The alliance held its first Life Sciences Diversity
Conference in May in Newark, N.J., and plans to make it an annual event. About 300 suppliers and companies
are members.


No one
suggests that simply attending a conference will result in attracting the fawning attention of mega life-sciences and
pharmaceutical firms. To the contrary, getting a foot in the door has proven problematic for several minority business owners
in Indianapolis.

Sam Kwon, who founded Vesta Pharmaceuticals Inc., near East 30th Street and Post Road, in 1996, and has grown it to nearly
$10 million in annual revenue by manufacturing and distributing ingredients for dietary supplements.

But the Korean native is convinced the 20-employee
company could become much larger if only it could land a contract with a multibillion-dollar corporation.

"We’ve been singing and dancing with Lilly
almost going on 10 years," he lamented. "There were a lot of meetings and discussions, but
there was no business."

Repeated calls to Lilly for comment on minority-supplier issues in general were not returned.

Kwon now hopes to manufacture ingredients for generic drugmakers, but needs a $2 million infusion
to help make it happen, he said. Applying for a grant from the state’s 21st Century Research and Technology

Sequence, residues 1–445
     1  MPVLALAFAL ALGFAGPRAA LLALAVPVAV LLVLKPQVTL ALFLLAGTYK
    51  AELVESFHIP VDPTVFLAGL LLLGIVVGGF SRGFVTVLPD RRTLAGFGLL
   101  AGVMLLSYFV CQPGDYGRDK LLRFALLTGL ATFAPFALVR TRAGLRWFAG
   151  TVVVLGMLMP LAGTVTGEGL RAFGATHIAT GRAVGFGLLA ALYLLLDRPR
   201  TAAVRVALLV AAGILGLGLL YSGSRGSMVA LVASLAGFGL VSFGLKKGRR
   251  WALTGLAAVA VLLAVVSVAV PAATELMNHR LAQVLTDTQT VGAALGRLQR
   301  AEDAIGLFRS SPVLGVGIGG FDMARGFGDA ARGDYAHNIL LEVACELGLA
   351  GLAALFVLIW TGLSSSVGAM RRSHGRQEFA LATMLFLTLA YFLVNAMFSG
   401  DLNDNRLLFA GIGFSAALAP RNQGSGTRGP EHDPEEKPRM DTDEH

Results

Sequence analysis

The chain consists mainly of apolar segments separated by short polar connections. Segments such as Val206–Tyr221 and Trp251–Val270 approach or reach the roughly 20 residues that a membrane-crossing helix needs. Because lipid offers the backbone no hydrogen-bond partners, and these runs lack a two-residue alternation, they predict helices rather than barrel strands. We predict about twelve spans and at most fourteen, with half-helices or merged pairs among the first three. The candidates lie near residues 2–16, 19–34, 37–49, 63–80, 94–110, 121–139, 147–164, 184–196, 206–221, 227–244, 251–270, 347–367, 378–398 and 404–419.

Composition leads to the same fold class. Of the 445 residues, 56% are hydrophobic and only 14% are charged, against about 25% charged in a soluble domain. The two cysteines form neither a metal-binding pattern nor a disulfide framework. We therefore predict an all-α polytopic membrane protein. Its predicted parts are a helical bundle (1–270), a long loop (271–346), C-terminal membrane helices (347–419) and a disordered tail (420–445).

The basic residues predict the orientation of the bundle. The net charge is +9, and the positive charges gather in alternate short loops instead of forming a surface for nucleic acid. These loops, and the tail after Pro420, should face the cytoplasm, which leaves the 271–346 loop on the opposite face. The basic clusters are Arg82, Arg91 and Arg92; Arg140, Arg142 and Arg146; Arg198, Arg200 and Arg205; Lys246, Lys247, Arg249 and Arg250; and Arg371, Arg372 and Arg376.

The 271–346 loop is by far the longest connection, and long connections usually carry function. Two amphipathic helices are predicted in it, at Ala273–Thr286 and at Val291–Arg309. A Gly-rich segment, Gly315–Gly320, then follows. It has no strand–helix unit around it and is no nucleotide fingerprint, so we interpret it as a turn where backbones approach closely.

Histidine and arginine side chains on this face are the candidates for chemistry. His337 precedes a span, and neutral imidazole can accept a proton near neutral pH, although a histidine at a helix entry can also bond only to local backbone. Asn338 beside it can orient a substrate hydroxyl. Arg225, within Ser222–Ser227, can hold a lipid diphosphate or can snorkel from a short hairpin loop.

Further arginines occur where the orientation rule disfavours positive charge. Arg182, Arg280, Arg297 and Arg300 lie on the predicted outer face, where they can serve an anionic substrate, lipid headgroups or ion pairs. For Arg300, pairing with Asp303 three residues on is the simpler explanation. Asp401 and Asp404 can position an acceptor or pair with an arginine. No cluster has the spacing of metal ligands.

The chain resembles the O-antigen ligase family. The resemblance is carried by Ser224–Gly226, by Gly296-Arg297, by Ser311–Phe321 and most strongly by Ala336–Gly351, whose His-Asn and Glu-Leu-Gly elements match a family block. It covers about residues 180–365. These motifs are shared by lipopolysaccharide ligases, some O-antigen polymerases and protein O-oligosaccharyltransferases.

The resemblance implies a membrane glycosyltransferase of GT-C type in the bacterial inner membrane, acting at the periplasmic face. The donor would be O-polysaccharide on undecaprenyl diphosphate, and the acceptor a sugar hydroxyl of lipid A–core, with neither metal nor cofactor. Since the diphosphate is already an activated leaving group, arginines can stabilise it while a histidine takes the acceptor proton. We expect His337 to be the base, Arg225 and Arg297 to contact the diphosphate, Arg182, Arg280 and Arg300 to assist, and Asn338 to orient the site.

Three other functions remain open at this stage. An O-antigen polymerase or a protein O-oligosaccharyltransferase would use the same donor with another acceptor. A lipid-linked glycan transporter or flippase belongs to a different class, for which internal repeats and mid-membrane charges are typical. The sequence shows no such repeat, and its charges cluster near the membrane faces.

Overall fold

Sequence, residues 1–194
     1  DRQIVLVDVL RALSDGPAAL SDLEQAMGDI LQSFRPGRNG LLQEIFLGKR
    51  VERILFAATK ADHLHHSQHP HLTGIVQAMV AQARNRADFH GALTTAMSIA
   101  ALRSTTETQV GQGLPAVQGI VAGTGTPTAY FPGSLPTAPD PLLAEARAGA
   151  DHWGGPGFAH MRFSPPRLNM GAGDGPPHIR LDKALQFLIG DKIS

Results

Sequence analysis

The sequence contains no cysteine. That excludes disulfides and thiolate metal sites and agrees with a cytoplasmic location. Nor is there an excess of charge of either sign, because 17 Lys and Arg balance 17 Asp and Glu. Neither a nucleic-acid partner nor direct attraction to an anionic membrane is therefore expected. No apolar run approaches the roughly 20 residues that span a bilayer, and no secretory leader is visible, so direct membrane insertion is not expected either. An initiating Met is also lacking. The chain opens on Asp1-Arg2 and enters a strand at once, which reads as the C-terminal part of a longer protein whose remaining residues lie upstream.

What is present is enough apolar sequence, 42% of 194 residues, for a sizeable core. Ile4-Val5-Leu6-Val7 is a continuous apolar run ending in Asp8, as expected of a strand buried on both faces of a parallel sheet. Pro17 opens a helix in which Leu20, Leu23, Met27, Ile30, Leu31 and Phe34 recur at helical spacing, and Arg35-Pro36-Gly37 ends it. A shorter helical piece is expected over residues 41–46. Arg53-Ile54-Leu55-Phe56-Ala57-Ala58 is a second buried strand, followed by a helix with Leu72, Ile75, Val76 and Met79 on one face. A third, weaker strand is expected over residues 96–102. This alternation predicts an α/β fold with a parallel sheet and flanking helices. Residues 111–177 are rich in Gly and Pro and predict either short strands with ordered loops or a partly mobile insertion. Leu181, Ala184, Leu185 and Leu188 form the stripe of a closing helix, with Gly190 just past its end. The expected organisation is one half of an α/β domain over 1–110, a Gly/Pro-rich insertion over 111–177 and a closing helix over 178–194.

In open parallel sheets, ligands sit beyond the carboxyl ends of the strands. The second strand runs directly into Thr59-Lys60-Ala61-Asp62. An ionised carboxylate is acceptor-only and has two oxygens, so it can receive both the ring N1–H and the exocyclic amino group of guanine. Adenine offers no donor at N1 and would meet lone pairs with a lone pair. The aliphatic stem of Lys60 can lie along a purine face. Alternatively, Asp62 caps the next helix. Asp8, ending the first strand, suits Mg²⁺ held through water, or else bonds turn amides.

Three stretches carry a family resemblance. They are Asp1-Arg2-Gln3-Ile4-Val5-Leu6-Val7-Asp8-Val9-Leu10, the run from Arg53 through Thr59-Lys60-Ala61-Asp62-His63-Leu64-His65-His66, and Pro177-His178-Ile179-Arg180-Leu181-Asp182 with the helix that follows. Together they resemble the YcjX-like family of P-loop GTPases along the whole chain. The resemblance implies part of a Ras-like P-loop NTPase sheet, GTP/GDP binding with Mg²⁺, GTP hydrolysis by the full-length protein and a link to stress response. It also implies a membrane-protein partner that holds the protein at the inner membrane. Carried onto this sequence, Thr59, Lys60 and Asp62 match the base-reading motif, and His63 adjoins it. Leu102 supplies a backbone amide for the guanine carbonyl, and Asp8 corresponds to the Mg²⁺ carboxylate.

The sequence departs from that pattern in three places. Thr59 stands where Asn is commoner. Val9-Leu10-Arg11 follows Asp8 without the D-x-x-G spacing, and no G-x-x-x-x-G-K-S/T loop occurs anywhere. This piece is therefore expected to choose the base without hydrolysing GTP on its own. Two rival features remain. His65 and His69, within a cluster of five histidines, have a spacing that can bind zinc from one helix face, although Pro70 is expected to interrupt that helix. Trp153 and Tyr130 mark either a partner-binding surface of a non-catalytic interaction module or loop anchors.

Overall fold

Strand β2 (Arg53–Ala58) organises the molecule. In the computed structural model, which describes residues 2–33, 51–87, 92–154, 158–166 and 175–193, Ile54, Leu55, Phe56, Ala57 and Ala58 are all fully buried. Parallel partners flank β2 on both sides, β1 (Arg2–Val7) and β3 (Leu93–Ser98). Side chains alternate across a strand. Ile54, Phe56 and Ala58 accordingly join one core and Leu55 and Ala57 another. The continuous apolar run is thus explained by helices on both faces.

Fund is a possibility.

Francis Jones spent 34 years at Lilly conducting and managing clinical trials before founding Innovative Clinical Concepts
LLC on East 86th Street in 2003.

Jones aims to recruit minority patients for human trials, which would provide a more diverse test population and, quite possibly,
more accurate results. However, convincing large pharmaceutical makers of that need has been difficult. Moreover, most drug
companies contract with much larger competitors to conduct trials.

"Being a minority in health care, where there is some perception of our capability as to
actually doing that type of work, that is a problem," Jones said.

Asked whether she’s had nibbles from Lilly, Jones would only say, "It’s been very difficult
across the board."

‘Tremendous opportunity’ exists

Compounding the problem is the fact that there just aren’t many minority businesses equipped to supply large corporations.
Brown at the Diversity Alliance for Science said it’s much easier to start a janitorial service, for example, because the
capital investment is smaller.

Teresa Keller, purchasing program manager and supplier diversity coordinator at Roche Diagnostics Corp. in Indianapolis, acknowledged
most of its minority suppliers provide indirect services such as printing and safety products.

Roche is a member of the council and supports efforts under way to help minorities generate business
from the life sciences and health care sectors.

So does Debra Simmons Wilson, a principal of Indianapolis-based Engaging Solutions LLC.

Wilson’s firm was hired by the Indiana Stadium
and Convention Building Authority to facilitate minority and women hiring on construction of Lucas Oil
Stadium and the Indiana Convention Center expansion.

"Any time there is a chance for small businesses to diversify into areas where there is a
gap, where there are no minorities or women-owned businesses," she said, "I think that is a
tremendous opportunity for everybody."

Meanwhile, Mays at Mays Chemical said he is keeping a watchful eye on the city’s fledgling life sciences firms. If they should
grow large enough to seek his services, he said, "we’ll be ready."